Dr. Henry L. Wells
Article in The Jeffersonian
Dean of Guernsey County Physicians, to Be 81
One of this area esteemed physicians, Dr. Henry L. Wells, known a “father” of the Cambridge Rotary Club Crippled Children Program and whose unselfishness in serving others and interest in community affairs are noteworthy, reaches an important milestone Thursday.
He will be 81 then. He has been a practicing physician over 54 years, longer than other person active in the profession in Cambridge and Guernsey County.
Father Practiced Here
Dr. Wells was born in Newark, Ohio, Dec. 3, 1878, the son of Dr. Levi and Mary Ann Morrison Wells. Dr. Levi Wells opened an office in Cambridge in 1879, when Henry was three months old. The father, still remembered with deep respect and affection by old citizens, was a typical country doctor whose income was, at times, meager but who left a heritage more valuable by far than a large estate.
Dr. Henry graduated from Cambridge High School in 1898, worked his way through medical colleges in Cleveland and interned at City Hospital, Cleveland. In 1905, he returned to Cambridge and began practicing with his father. In those pre-automobile days, roads in Guernsey and adjoining counties were practically impassable in winter and Dr. Henry, following in his father’s footsteps, traveled with horse and buggy or on foot. He owned and operated one of the first automobiles in Cambridge but, because of the many perils of the road in those days, he was frequently told to “get a horse.” Upon one occasion, a well known Quaker City man named John R. Hall, complained to Henry’s father that “your boy will kill himself driving in his auto at a speed of at least 15 miles an hour.”
Enlisted In Army
In World War I, he enlisted in the army and was stationed at Camp Dix. Returning to Cambridge, his practice developed into one of the largest in Guernsey County. In his long career, he has delivered some 2500 babies. One of them was delivered in a trailer near where Andrews Motel now stands on U.S. Route 40 west of town.
Built Own Hospital
Always interested in the medical care of people, in 1921 he built a hospital which he named and dedicated to his father and mother. However, attention to hospital details deprived him of the opportunity to visit the many people who called for him and he sold the Wells Hospital in 1933. In later years, he was very active in the establishment of Guernsey Memorial Hospital.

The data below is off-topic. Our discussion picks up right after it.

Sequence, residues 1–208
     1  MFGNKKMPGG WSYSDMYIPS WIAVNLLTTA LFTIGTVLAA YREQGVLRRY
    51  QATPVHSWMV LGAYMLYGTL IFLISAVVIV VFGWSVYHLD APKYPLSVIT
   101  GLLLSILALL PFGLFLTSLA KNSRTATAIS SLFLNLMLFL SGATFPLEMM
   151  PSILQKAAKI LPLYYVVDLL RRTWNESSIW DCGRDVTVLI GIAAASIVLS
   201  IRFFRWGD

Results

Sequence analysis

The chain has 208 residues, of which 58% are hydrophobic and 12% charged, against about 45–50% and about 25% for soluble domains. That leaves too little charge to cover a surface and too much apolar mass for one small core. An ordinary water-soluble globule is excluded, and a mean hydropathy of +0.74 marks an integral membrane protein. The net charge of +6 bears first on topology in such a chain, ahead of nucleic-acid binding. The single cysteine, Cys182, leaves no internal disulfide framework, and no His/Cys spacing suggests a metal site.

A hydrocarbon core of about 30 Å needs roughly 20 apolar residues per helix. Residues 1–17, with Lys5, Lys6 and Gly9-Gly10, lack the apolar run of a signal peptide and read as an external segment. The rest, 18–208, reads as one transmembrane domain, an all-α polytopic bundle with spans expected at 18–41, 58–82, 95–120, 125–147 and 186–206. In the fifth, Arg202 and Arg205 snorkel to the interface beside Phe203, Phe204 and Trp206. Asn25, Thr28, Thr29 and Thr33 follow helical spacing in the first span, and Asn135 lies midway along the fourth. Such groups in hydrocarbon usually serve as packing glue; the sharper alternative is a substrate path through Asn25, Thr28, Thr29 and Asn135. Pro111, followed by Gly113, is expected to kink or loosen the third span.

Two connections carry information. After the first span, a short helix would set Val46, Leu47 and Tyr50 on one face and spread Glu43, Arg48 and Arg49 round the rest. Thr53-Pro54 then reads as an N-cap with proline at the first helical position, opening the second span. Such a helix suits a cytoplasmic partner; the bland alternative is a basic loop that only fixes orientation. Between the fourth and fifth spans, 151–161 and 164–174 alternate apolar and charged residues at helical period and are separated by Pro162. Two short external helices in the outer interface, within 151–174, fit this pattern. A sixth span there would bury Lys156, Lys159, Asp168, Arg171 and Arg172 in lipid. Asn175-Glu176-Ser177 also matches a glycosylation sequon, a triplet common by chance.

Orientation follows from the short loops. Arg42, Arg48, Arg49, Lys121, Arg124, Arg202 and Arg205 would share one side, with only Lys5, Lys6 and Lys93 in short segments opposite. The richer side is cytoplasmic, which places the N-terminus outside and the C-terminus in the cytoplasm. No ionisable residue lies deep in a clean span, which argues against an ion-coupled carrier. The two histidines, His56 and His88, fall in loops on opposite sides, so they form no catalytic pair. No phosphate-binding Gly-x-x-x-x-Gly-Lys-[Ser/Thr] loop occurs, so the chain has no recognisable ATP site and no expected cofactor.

At one time, Dr. Henry, his father and his brother, Dr. Ross, a dentist, shared office space in the same building.
On Nov. 4, 1908, he was married to the former Bessie Pickens at a home wedding at Scotch Ridge. They are presently residing at 819 Lakeside Drive. To this union were born two sons, Dr. Arthur Wells, is a prominent Cincinnati surgeon, and Paul L. Wells, deceased. They have six grandchildren, Henry, Frederick and Judy Wells of Lore City R. D. 2 and John, Tommie and Diane Wells, all of Cincinnati.
His office nurse, Mrs. Kathryn Burger McNees, started working with Dr. Wells at Wells Hospital in 1921 and worked there for six years until her marriage. She later came back with Dr. Wells in 1937 and has been with him ever since.
Dr. Henry holds the Congressional Medal of Merit, the certificate for which was signed by former President Harry S. Truman. He has also received citations for his work as a civilian during World War II from two former presidents, Franklin D. Roosevelt and Harry S. Truman.
One of the greatest pleasures in the life of Dr. Wells is to see children, once thought hopelessly crippled, walking and finding careers for themselves in all walks of life. He receives numerous Christmas cards each year form former patients, some of whom he cannot recognize because they have married and changed their names.
Dr. Wells has been active in work with veterans of the area and is greatly interested in their welfare. Richard A. Williams, local VA contact representative, has this to say of Dr. Wells:
“The veterans of World Wars I and II and the Korean War join together in their praise of Dr. Henry Wells who has helped them in time of emergency, regular examinations and out-patient treatment. Dr. Wells is a truly blessed and consecrated man.”
As for Dr. Wells, his innate sense of modesty will only permit him to say, “I feel very highly rewarded with the respect and confidence that the community seems to have in me.”
Perhaps this explains why so many of his patients are proud to call him “friend.”